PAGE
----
Probate Application Fees

Probate Application Fees

Probate Application Fees

In October 2019, the Lord Chancellor confirmed that the government’s proposals to increase the Probate application fees were to officially be scrapped.

The proposed increase, which was intended to be introduced in April 2019, could have seen a maximum charge of £6,000, dependent on the size of the estate.

However, the current fixed fee for applying for a Grant of Probate remains the same and is £215 or £155 if you have instructed a Solicitor.

There was a massive amount of opposition and pressure from the public and MPs, supported by the Law Society which means that the proposals were never brought to vote in the House of Commons.

The main argument was that the fee hike was a tax on grief, whereby the bereaved individuals dealing with the estate were left to bear the brunt of funding this significant application fee before any access to the estate funds itself.

Our Private Client Team was a part of that successful campaign, ensuring that present and future clients would not have to be subject to these increased fees, as they fully understand and can empathise with how much of a difficult time it can be, without the threat of increased fees.

If you need any help or advice with regards to a loved one’s estate, then please do not hesitate to contact our Private Client Team.

For more information on Probate fees

Contact our Private Client Department on 01206 577676 or email [email protected]

Divorce and pets

Divorce and pets

So, you’re getting a divorce. You’ve decided who keeps the house and who gets the pleasure of the children, but one contentious decision remains: Who gets the dog?

With dogs and other pets being seen almost as much a part of the family as children now, the matter of who keeps the pets is becoming a particular challenge. It’s far more difficult to assess which party the dog prefers than with children, so what exactly can be done?

Whilst dogs may be considered family to their owners, the court does not see it this way. Dogs are considered property of their owners, much like a car, meaning that the court can transfer ownership of the dog, much like they would with a car. As such, the court will not be interested on who the dog appears to love the most and will look at more objective matters, such as:

  • Who the original owner was coming into the marriage (if one party brought the dog into the marriage).
  • Which spouse works longer hours and is therefore less able to care for the dog
  • Are there multiple pets? If so, it may be that there is a split based on the animals’ preference.
  • Who spent the most time caring for the pet?
  • Financial matters concerning the pet: who pays the vet fees, who initially paid for the pet (This is the main factor used when considering who gets pets in a divorce case); who pays for the upkeep, etc.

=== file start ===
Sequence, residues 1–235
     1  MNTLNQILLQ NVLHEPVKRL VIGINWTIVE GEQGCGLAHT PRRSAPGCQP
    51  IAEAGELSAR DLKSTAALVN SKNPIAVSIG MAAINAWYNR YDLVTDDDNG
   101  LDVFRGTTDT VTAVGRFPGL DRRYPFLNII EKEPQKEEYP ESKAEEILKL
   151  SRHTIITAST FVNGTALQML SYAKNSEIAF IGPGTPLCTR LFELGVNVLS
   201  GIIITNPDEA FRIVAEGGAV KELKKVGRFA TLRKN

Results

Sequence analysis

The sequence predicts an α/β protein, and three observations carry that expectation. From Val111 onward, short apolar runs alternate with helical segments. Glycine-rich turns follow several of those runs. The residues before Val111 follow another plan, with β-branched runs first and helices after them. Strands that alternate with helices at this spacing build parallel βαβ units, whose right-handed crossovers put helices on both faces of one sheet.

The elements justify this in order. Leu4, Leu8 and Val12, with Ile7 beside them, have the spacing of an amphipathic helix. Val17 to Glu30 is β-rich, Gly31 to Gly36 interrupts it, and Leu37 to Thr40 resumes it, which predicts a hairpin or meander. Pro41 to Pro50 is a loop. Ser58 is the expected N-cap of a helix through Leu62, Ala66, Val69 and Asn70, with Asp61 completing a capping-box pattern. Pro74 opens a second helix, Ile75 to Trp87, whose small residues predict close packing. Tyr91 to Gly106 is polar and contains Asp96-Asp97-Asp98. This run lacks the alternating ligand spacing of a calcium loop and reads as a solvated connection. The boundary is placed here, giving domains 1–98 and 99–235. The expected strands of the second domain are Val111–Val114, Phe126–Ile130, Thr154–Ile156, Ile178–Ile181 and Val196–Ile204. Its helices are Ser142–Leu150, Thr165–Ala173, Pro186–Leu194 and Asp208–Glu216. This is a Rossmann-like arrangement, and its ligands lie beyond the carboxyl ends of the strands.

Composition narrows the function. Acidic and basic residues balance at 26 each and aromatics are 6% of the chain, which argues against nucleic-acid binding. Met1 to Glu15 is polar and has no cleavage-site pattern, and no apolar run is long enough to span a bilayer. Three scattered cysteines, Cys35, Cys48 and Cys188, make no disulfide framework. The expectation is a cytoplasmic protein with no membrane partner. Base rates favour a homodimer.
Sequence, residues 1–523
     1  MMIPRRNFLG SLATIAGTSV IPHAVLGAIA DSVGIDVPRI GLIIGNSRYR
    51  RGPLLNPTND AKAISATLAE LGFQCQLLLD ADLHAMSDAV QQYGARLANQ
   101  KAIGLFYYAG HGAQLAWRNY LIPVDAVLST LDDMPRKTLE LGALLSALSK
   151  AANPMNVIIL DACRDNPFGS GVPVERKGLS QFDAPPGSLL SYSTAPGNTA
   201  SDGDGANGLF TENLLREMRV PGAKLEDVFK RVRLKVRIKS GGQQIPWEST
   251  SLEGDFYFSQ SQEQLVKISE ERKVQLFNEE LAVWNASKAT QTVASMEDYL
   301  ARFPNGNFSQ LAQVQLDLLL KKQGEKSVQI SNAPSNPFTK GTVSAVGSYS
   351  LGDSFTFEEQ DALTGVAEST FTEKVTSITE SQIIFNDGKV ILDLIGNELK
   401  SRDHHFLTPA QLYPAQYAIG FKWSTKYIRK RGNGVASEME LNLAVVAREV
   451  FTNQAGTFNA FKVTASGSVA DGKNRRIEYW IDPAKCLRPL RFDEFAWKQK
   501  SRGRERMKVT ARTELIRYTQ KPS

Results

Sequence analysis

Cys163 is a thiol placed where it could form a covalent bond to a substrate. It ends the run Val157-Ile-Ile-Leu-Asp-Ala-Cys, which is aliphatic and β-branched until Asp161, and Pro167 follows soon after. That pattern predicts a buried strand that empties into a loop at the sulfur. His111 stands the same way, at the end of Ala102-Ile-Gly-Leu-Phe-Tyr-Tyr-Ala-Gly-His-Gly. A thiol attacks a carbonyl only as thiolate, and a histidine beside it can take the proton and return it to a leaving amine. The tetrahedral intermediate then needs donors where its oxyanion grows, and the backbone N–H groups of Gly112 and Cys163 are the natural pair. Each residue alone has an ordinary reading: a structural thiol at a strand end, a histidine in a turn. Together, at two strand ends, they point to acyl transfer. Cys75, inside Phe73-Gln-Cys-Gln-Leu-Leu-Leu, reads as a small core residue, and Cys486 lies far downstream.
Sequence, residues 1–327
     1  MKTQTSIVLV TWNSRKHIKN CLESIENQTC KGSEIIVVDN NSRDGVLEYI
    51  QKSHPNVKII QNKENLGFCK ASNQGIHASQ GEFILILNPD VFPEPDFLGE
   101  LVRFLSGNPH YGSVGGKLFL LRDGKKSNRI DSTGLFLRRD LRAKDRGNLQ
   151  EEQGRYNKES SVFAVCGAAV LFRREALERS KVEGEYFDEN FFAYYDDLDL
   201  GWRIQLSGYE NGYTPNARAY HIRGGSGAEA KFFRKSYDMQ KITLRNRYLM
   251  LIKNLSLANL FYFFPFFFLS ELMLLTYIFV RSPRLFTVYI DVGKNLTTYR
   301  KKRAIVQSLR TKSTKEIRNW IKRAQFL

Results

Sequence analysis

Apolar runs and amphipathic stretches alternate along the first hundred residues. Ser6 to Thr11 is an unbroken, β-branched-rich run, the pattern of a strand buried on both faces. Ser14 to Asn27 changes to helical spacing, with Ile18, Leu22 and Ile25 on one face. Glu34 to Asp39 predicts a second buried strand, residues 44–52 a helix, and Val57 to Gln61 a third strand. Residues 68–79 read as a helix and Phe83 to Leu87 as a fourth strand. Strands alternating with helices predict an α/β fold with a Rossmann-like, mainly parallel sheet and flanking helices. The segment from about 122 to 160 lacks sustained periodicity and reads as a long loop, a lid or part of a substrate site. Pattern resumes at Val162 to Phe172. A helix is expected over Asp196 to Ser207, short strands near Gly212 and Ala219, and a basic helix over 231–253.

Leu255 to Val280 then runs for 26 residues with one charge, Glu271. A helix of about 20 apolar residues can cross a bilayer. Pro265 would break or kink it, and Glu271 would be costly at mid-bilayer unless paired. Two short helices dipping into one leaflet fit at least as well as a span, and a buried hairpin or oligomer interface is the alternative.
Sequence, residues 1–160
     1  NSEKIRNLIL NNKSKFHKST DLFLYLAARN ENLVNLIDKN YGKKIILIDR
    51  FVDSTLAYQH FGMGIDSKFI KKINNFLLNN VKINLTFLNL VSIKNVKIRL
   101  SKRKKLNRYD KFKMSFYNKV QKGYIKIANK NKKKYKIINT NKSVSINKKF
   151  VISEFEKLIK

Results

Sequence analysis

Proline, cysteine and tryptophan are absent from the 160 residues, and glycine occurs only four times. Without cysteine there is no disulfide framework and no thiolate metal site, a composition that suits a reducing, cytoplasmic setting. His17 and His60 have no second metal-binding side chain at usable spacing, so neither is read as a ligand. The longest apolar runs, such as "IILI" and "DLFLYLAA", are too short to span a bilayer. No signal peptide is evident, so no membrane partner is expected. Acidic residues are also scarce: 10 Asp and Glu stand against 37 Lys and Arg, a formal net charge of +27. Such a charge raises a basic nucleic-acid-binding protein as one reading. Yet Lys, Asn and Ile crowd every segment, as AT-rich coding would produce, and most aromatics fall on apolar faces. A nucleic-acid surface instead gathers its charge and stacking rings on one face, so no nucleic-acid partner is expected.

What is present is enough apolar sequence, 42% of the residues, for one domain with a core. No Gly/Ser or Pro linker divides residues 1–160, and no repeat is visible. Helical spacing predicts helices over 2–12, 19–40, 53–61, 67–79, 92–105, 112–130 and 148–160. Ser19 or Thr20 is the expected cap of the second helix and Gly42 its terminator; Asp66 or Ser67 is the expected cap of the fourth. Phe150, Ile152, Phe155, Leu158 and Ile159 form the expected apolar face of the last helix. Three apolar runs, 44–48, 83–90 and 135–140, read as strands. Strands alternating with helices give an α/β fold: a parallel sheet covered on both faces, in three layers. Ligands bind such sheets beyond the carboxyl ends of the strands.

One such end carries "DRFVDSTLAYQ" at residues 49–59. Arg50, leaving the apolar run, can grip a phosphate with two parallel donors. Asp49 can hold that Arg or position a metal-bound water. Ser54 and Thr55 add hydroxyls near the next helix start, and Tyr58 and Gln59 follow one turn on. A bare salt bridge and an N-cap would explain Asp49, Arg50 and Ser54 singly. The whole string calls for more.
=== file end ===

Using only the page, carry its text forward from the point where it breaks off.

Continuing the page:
It’s important to realise that because of the nature surrounding pets in UK law, going through the court may end up with an outcome that isn’t suitable for your beloved pet. As such, it may be better to solve this process through mediation as many judges are reluctant to use court time on pet related matters. This way, a mutual consensus can be reached by both parties. In some cases, a co-parenting agreement of the pet can be reached, much like arrangements relating to a child.

What about other animals though? What about horses, cats, monkeys and the whole menagerie of other animals you may keep as pets? For animals such as cats, gerbils, hamsters and rabbits, the same rules as for dogs would apply. The rules for horses however can be very different.

Horses can prove a very contentious issue. Also considered a financial asset, one party in the divorce may request that the horses be sold as they are considered a luxury and may be no longer affordable after a divorce has been finalised. You may need to prove to the court that maintenance of the horses is still affordable after the divorce if there is not already an agreement in place keeping the animals out of the divorce. It may be worth agreeing with your soon-to-be-ex-spouse to keep the horses out of the divorce, if this is something that can be agreed before proceedings begin.

Moreover, what if you aren’t married and are just separating with a partner who you co-parent a pet with? In cases like this, its most likely to be split based on who paid for the pet if it goes through the court.

The best way to ensure you keep a beloved pet is to draft a pre-nuptial agreement based on the pet. If you have no intention of being married it may be better to draft a co-habitation agreement.

If you have any pre or post-nuptial pet concerns or other family related issues, Contact GoodyBurrett on 01206 577676 or email us at [email protected]

For more information on divorce

Contact GoodyBurrett our family department on 01206 577676 or email [email protected]